Released on 13 September in the UK and Ireland and 20 September in the US and Spain
View image of (Credit: Francois Duhamel/ Twentieth Century Fox)
Blasting off from the Venice Film Festival, Ad Astra is a science-fiction adventure written and directed by James Gray, the critics’ favourite who made The Lost City of Z. Like The Lost City, it is a Heart of Darkness-inspired drama about an explorer travelling to dangerous uncharted territory. Brad Pitt plays an astronaut who is bound for Neptune, where his father (Tommy Lee Jones) may be involved in a humanity-threatening experiment. “What I’m trying to do is the most realistic depiction of space travel that’s been put in a movie,” promises Gray, “and to basically say, ‘Space is awfully hostile to us.’”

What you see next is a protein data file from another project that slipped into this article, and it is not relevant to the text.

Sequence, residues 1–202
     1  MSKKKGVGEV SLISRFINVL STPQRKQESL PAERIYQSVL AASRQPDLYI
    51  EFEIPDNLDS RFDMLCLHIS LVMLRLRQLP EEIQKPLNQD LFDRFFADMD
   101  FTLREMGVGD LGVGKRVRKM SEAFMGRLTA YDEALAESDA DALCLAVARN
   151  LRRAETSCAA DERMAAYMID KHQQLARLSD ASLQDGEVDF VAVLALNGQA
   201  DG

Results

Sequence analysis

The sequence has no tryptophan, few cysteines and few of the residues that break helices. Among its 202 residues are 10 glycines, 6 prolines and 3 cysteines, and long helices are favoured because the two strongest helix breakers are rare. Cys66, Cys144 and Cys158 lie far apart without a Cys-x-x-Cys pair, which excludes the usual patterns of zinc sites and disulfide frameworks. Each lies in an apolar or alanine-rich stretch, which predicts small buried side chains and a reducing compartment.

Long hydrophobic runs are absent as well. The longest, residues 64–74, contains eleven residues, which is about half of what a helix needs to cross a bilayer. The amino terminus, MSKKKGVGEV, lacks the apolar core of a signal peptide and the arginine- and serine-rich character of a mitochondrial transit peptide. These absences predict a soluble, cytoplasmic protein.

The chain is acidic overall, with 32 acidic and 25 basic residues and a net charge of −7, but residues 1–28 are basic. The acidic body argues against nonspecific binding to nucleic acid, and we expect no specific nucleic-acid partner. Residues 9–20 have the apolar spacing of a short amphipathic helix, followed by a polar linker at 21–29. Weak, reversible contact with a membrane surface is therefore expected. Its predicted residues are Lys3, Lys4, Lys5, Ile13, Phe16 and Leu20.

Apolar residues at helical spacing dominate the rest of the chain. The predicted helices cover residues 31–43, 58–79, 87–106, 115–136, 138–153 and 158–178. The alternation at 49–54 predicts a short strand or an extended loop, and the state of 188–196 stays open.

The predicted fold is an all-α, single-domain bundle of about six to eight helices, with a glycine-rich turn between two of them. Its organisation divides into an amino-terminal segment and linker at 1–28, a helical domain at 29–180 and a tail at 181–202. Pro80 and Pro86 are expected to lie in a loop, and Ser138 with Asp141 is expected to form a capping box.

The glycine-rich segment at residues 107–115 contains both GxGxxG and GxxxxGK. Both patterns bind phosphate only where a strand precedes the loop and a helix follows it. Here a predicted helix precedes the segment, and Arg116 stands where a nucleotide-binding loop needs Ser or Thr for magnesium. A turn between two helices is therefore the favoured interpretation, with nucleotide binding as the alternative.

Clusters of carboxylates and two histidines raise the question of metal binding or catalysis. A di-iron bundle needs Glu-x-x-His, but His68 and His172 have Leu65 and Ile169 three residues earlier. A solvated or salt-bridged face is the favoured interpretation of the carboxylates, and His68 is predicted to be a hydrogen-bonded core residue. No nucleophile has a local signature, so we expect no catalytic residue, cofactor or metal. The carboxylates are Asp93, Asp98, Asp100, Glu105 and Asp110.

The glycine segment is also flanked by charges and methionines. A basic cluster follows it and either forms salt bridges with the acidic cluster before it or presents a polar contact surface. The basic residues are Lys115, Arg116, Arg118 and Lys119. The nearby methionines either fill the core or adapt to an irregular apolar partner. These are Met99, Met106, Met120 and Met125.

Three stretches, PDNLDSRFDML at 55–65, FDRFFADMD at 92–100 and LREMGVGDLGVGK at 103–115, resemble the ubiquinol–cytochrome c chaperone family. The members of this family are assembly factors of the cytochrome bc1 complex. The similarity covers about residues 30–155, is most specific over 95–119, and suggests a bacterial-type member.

Released on 18 September in the UK and France, 19 September in Australia, Hong Kong and Germany and 20 September in the US and Canada
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It’s 1968, and Judy Garland (Renée Zellweger) needs to raise enough money to stop her ex-husband Sidney Luft (Rufus Sewell) gaining full custody of their children. She signs up to a series of nightclub appearances in London, but her addictions to alcohol, pills and unsuitable younger men ensure that audiences never know whether the show will go on. In a way, Judy is a companion piece to Stan & Ollie, another affectionate non-fiction film about past-it Hollywood greats hoping to make a comeback in London. In both cases, Bernard Delfont (played here by Michael Gambon) is the impresario who produces the British shows. But Judy also feels like Zellweger’s own shot at a comeback. Not only does she have the kind of substantial lead role that wins Oscars, but she does all the singing herself – no small task considering that Garland was one of the 20th Century’s most celebrated vocalists.